Wire price up again

A friend bought 160 acre place a few years ago and every fence needed doing both sides of each hedge so he did the whole.lot in one go. Only problem I see is that all the stakes will be rotten at the same time in a couple of years
 
A friend bought 160 acre place a few years ago and every fence needed doing both sides of each hedge so he did the whole.lot in one go. Only problem I see is that all the stakes will be rotten at the same time in a couple of years
Did he use creosoted posts? Or Clippex? or Sweet Chestnut?
 

neilo

Member
Mixed Farmer
Location
Montgomeryshire
:unsure:and the chemical they use is no better than what others use,it cant be, as CCA is banned.

here the railway fence is going to be the next challenge (again ) as the woodwork the contractor put in 13yrs yrs ago (wouldve been H4 ) for NR wont last no where near what the concrete post ht wire fence that had been there since the 50ties (but wouldnt stop smaller lambs ) and the wire was rusted) it replaced.
...seems ok up to now tho but it darn well needs to be,what with all the work that went in to doing the work along all the line.

We had the same back home, where the mainline from Birmingham to London Paddington ran through. Contractors came up (a Cornish crew, to North Gloucestershire) and took out the 50 year old half sleeper posts, spaced at a metre apart, and replaced them with softwood posts that will be gone in 5 years. :banghead:
 

Willie adie

Member
Location
Aberdeenshire
I'd like to meet anyone that has actually taken timber to the place they bought it, and what was said .I know up here there was a big claim put in over a decade ago and it was successful,
But I'm sure certain exemptions would include.
Were they stored inside or out after purchase?
How were they put in if chapped then the top marked or damaged - void.
If they have been punctured ie staples - void,
Day the day of the week they were put in have a Y in it ?- void,
Did the person putting them in take an extra 5mins for his tea break- void.
Was the heater in the jeep set at the correct setting for the weather - void.
 

Bury the Trash

Member
Mixed Farmer
We had the same back home, where the mainline from Birmingham to London Paddington ran through. Contractors came up (a Cornish crew, to North Gloucestershire) and took out the 50 year old half sleeper posts, spaced at a metre apart, and replaced them with softwood posts that will be gone in 5 years. :banghead:
Yes sounds like the same Contractor as here, they were fine.
I'd like to meet anyone that has actually taken timber to the place they bought it, and what was said .I know up here there was a big claim put in over a decade ago and it was successful,
But I'm sure certain exemptions would include.
Were they stored inside or out after purchase?
How were they put in if chapped then the top marked or damaged - void.
If they have been punctured ie staples - void,
Day the day of the week they were put in have a Y in it ?- void,
Did the person putting them in take an extra 5mins for his tea break- void.
Was the heater in the jeep set at the correct setting for the weather - void.
Yes there has been a claim or 2 down here i expect not as many as there could be i guess by farmers and smaller amounts, just except it i suppose.
There was a notable big claim i knew off, by a contractor against a fairly local big supplier and consequent sawmill and about that time in the late 2000's, stakes strainers only lasted a few years, they pinned it down in that case to too many stakes being pushed out too quick (for the then big demand of the old Stewardship scheme grants) and not treated properly, quick dip in the tank of timber that was not dry enough to start with.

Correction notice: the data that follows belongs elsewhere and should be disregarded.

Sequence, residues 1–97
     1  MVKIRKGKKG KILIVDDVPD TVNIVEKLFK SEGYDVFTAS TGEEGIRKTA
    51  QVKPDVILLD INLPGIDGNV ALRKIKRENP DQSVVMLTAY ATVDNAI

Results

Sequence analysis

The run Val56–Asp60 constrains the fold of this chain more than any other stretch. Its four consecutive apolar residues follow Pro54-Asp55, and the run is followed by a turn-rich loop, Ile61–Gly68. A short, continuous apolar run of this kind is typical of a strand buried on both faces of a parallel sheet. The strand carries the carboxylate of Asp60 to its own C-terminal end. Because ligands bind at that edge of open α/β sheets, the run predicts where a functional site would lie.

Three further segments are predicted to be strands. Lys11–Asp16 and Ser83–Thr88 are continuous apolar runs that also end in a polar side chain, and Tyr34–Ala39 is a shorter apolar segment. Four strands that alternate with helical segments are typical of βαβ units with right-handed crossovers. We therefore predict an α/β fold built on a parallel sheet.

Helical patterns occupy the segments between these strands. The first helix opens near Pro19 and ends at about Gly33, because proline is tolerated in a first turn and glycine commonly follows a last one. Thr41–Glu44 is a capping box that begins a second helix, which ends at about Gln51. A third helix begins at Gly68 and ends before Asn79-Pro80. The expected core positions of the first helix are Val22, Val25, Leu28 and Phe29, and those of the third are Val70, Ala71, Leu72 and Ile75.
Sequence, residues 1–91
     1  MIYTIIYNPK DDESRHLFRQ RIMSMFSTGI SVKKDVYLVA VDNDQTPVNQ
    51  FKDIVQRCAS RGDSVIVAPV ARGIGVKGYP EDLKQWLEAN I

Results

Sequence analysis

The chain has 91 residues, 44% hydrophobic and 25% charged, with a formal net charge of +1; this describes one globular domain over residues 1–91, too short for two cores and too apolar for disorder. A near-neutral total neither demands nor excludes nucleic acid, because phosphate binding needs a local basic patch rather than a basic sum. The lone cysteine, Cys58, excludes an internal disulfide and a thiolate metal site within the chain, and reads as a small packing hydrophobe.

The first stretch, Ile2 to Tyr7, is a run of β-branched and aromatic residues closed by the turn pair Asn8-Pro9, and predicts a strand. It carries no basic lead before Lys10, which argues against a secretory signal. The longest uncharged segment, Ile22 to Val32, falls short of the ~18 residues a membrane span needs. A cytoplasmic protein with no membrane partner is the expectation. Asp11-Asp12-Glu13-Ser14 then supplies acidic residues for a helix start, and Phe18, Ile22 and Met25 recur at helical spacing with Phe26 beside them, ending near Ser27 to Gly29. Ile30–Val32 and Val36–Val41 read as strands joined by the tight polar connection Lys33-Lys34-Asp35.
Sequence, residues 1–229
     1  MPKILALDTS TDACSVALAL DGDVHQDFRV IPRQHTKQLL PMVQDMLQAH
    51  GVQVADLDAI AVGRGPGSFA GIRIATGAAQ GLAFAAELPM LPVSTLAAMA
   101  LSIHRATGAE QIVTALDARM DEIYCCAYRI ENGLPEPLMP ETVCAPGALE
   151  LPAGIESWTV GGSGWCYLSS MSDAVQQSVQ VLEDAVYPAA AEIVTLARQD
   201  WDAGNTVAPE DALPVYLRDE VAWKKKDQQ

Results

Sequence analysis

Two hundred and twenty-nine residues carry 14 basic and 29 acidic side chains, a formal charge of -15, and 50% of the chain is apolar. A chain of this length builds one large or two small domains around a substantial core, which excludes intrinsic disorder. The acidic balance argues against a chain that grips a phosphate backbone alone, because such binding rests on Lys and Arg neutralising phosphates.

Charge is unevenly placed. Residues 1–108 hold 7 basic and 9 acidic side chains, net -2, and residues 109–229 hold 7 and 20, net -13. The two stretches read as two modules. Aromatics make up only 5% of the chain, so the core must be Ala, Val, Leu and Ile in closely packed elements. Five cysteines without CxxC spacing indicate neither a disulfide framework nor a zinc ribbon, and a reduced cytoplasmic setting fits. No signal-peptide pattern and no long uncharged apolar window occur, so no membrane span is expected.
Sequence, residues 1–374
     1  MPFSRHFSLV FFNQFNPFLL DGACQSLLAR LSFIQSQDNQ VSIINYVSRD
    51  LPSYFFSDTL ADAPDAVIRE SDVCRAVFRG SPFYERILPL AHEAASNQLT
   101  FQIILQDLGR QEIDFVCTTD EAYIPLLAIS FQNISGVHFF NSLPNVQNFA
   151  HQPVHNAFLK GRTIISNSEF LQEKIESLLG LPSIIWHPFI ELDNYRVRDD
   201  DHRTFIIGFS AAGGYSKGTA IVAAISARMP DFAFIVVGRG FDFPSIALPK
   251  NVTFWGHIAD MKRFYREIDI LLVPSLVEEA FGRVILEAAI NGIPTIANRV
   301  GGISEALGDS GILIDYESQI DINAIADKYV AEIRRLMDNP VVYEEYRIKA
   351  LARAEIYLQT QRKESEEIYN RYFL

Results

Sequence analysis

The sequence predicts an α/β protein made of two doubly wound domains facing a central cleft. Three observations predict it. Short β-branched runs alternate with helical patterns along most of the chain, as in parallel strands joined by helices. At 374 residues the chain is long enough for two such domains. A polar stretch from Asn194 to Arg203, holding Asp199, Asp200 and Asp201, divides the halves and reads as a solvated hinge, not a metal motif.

Course as time went on it was realised that the chemicals now used arent a patch on the previous banned ones.
from then on contractors were quite understandably.turned off supplying .
 
A friend bought 160 acre place a few years ago and every fence needed doing both sides of each hedge so he did the whole.lot in one go. Only problem I see is that all the stakes will be rotten at the same time in a couple of years
Grandfather fenced most of this place in the early 80s with pressure treated soft wood, the rest is oak posts from an earlier time.
I've 3 fences left with the oak posts but the netting is getting past it, but the fencing done in the 80s is now all failing, mostly the posts, but in some places the netting is worse than the posts.
I'm slowly replacing the worst of the fences, I'd love to the whole lot but can't afford it, I am going Creo posts and ht netting and yes it's costing a lot, but skimping on materials is pointless, i did one fence 10-15 years ago with oil soaked posts, but the posts are slowly failing, and replacing just the posts will probably cost as much putting a new fence from scratch.
I just hope I can get the place finished before @tepapa retires 🤞
 

NI agri-food stakeholder groups discuss climate change bill with committee

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Written by Richard Halleron from Agriland

The Livestock and Meat Commission (LMC) recently submitted oral evidence to members of the Stormont Agriculture, Environment and Rural Affairs (AERA) committee on the content and potential impact of the Northern Ireland Climate Change Bill (No.2).

This draft legislation was recently introduced to the Northern Ireland Assembly by the Department of Agriculture, Environment and Rural Affairs (DAERA) in conjunction with agriculture minister, Edwin Poots.

“We were accompanied by representatives from a wide range of food industry bodies, including the Northern Ireland Meat Exporters’ Association,the Ulster Farmers’ Union [UFU], Northern...
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